First, this is an extremely well-written proposal, that explains itself well 
and tries to walk a difficult tightrope.  So, A+ for that.

That said, I think it needs modification before acceptance:

* I agree with Dave DeLong that @exhaustive does not actually "do anything", it 
relies on library authors to do the right thing but library authors cannot be 
trusted.  I am not even sure Optional will continue to have its two cases based 
on the track record of the swift-evolution process :-P
* I agree with Vladimir S that app developers need to be able to use 
compile-time checks that they handle all the "known cases" for an arbitrary 
enum (e.g. exhaustive or non-exhaustive), for example with "future" or some 
other mechanism.  Lack of testability does not actually concern me, but I feel 
it could be addressed by allowing the assignment of Any to a non-exhaustive 
enum, perhaps gated via a warning or an @testable.

I feel that a better solution to the underlying dilemma would be the following:

* As an app developer, I can use switch! or @import! to mean that I am 
vendoring this SDK and the runtime library will definitely be the same library 
I am linking against.  So it does not matter if the library author intends to 
someday add more cases – from my point of of view they are exhaustive, because 
this is the library I am linking, accept no substitutes.  Cases are checked at 
import time, and there is a runtime exception if somebody swaps the binary for 
one with "new" cases, may god have mercy on their soul
* As an app developer, in the absence of one of those opt-in mechanisms an 
imported enum is assumed to be open and I must handle either a default case 
(which is not compile-time checked for exhaustion) or a future case (which is). 
 I prefer "undefined" for "future" as a keyword because it seems to me library 
authors can also remove cases, regardless of what this proposal says.

This solution is a nod to @clattner's "the difference between source packages 
and binary packages that are updated outside your control (e.g. the OS, or a 
dynamic library that is updated independently of your app like a 3rd party 
plugin)."  But he is wrong that the difference is somehow tied together with a 
notion of binary and source: it is a difference between whether the library is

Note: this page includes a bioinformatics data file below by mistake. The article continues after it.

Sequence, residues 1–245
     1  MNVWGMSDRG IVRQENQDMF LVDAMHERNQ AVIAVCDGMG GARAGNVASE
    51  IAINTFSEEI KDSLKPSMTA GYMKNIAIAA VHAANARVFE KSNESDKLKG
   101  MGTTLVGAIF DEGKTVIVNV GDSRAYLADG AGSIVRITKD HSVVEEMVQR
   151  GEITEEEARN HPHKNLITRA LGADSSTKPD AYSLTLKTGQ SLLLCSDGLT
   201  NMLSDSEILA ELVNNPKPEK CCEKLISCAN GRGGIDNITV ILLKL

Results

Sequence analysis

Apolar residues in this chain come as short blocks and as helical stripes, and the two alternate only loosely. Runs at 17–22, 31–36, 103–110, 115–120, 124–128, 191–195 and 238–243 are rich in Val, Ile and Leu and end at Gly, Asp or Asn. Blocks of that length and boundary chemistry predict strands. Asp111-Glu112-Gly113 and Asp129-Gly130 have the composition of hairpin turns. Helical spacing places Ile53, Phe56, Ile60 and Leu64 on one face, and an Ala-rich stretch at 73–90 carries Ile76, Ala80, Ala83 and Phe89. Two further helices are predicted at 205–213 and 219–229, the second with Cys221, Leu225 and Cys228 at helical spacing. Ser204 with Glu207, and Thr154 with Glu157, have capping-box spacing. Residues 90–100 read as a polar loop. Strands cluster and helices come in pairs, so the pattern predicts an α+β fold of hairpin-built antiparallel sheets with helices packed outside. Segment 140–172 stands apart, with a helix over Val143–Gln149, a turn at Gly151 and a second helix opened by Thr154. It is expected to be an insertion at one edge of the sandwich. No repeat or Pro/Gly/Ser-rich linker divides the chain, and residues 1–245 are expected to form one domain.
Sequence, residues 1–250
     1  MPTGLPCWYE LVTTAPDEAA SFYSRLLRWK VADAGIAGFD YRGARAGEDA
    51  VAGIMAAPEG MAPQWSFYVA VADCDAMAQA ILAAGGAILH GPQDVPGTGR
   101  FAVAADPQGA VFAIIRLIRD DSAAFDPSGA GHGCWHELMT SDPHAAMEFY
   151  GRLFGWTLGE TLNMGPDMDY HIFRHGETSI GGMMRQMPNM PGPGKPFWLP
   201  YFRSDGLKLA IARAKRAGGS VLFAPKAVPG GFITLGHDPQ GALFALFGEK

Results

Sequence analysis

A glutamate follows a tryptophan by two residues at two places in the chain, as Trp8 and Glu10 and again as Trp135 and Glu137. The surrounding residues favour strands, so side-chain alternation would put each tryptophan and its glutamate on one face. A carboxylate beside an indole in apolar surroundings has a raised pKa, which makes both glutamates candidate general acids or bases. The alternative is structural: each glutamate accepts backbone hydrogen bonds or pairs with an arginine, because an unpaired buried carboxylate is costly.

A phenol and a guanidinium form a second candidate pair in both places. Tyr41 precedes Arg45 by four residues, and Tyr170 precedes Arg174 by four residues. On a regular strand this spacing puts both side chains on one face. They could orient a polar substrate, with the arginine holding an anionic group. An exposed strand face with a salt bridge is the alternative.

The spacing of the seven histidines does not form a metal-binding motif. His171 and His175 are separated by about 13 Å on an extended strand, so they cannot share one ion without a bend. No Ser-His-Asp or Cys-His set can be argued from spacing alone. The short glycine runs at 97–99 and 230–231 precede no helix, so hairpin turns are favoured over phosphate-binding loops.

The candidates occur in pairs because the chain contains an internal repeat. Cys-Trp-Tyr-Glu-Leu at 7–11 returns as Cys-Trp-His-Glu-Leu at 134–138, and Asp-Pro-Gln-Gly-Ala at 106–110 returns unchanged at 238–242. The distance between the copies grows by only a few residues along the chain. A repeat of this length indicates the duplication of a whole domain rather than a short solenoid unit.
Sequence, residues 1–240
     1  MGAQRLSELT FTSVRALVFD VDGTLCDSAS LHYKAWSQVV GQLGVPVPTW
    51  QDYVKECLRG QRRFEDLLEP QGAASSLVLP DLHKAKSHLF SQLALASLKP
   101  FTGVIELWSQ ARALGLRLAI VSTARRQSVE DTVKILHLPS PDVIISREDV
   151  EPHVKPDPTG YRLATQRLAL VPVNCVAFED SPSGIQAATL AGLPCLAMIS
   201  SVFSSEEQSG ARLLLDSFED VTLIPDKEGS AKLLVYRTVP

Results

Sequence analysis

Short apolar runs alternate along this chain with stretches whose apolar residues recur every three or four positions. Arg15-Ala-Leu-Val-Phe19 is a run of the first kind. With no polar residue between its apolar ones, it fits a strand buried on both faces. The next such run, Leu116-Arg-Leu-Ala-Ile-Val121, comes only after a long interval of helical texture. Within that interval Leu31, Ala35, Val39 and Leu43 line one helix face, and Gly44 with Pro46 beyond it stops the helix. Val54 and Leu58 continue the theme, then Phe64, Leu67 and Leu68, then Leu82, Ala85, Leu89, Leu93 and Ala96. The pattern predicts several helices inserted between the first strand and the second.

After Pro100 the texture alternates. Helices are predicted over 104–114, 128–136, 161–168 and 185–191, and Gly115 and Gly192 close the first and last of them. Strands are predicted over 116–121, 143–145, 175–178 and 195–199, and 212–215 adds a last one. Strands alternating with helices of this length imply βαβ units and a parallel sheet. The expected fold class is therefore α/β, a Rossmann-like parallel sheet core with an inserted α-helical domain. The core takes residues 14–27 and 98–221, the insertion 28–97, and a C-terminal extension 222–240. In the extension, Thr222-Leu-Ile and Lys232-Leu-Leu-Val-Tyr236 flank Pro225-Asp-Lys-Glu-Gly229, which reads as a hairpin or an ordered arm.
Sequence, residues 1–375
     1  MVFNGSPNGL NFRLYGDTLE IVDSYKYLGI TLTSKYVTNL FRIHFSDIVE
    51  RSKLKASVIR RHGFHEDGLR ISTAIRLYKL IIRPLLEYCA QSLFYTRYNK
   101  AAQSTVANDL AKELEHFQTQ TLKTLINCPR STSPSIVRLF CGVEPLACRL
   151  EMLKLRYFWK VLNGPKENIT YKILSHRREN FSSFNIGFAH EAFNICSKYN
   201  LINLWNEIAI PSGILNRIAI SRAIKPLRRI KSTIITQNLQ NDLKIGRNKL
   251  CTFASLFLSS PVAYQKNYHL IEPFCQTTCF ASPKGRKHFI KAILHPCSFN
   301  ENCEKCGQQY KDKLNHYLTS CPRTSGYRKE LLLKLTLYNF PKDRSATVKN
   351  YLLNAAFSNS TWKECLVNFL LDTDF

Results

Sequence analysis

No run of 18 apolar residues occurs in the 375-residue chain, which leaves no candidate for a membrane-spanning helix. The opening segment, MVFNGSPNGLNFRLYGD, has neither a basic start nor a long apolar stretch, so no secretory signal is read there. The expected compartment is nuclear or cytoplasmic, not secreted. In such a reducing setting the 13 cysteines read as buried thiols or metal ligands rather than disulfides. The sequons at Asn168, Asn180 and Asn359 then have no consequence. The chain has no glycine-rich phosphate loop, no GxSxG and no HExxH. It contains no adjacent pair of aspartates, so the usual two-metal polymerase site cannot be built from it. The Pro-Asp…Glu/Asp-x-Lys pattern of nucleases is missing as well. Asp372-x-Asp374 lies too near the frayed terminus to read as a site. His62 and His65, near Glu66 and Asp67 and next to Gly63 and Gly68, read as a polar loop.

vendored or nonvendored, that is whether it is shipped with the application or 
the OS.  If it is shipped with your application, you control the updates and so 
all enums can be exhaustive, if it is shipped with the OS it is updated 
independently and who knows what cases will appear at runtime.  But there is no 
law that says I have the sourcecode for all my application's libraries or that 
OS vendors only ship binaries, so I use "vendored" and "non-vendored", and 
"import-time" for "compile-time" to be precise in this distinction.

As a library author, I am not sure that the @exhaustive promise is meaningful.  
Unlike resilience more generally where a library author can provide some 
fallback behavior for client who calls a deprecated method, there is really not 
much that can be done to support older clients who are unaware of my new enum 
case.  I suppose we could introduce compile-time checks to prevent passing that 
enum case to an older client, for example

public enum Foo {
    case old
    @introduced (1.1) case new

public final enum Fixed {
    case one
    @introduced (1.1) case two //error: Can't add a new case to a final enum, 
drop @introduced or drop final

public func bar() -> Foo {
    return .new //error: Not all clients support case new, use if #available or 

This sort of thing might be a justification for supporting a "final" or 
"exhaustive" declaration, but the motivation in this listing is to support 
library authors within their own compilation unit, rather than exposing a 
signal to app developers that may or may not be reliable moving forward.

As shown in this listing, I find "final" more natural and more in the spirit of 
Swift than @exhaustive.


On December 19, 2017 at 4:58:14 PM, Ted Kremenek ( wrote:

The review of "SE 0192 - Non-Exhaustive Enums" begins now and runs through 
January 3, 2018.

The proposal is available here:
Reviews are an important part of the Swift evolution process. All review 
feedback should be sent to the swift-evolution mailing list at:
or, if you would like to keep your feedback private, directly to the review 

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The goal of the review process is to improve the proposal under review through 
constructive criticism and, eventually, determine the direction of Swift. 

When reviewing a proposal, here are some questions to consider:

What is your evaluation of the proposal?

Is the problem being addressed significant enough to warrant a change to Swift?

Does this proposal fit well with the feel and direction of Swift?

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Ted Kremenek
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